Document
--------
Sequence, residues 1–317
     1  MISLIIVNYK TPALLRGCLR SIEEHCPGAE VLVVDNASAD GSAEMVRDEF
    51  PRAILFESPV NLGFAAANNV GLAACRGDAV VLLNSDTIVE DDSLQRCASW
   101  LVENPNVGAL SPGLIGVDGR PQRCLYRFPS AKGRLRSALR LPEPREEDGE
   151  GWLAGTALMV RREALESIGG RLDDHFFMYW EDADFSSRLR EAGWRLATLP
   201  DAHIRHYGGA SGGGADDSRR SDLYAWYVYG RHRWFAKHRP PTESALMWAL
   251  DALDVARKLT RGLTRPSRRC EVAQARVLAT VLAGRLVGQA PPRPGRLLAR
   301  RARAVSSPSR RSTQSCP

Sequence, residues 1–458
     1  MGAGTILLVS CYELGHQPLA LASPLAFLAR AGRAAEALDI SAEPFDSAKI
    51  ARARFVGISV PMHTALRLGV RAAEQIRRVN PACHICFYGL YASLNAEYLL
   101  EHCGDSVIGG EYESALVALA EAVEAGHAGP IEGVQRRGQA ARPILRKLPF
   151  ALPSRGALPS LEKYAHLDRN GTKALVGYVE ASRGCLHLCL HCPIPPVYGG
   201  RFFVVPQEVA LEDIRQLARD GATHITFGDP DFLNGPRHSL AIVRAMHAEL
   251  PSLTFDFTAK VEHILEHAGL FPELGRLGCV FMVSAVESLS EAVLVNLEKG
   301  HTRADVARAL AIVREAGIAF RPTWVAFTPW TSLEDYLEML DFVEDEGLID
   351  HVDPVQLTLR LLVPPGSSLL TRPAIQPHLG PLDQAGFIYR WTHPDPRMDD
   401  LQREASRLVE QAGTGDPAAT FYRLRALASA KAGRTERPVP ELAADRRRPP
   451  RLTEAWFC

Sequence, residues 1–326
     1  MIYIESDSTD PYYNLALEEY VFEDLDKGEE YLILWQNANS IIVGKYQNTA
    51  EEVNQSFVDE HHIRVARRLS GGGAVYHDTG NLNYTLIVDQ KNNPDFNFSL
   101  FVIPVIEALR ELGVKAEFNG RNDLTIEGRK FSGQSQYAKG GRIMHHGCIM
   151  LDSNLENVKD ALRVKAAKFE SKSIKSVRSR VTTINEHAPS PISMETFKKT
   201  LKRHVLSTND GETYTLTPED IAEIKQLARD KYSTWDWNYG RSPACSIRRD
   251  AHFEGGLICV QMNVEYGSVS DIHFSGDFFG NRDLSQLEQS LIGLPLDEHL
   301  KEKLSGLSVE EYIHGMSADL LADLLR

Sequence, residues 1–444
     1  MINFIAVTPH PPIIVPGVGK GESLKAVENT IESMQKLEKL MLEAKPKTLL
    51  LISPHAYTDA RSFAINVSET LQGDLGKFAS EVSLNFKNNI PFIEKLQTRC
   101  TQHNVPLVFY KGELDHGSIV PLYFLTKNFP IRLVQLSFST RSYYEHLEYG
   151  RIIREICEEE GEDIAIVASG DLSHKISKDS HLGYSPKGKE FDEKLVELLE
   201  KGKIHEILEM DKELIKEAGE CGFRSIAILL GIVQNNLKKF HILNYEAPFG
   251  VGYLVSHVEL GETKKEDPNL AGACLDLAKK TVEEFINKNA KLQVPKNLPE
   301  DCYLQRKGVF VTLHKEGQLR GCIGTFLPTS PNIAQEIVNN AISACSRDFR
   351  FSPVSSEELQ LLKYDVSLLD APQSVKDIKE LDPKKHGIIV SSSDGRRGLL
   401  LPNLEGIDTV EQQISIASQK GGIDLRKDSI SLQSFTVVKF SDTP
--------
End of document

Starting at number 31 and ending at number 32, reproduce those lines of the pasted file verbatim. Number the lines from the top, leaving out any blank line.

   101  TQHNVPLVFY KGELDHGSIV PLYFLTKNFP IRLVQLSFST RSYYEHLEYG
   151  RIIREICEEE GEDIAIVASG DLSHKISKDS HLGYSPKGKE FDEKLVELLE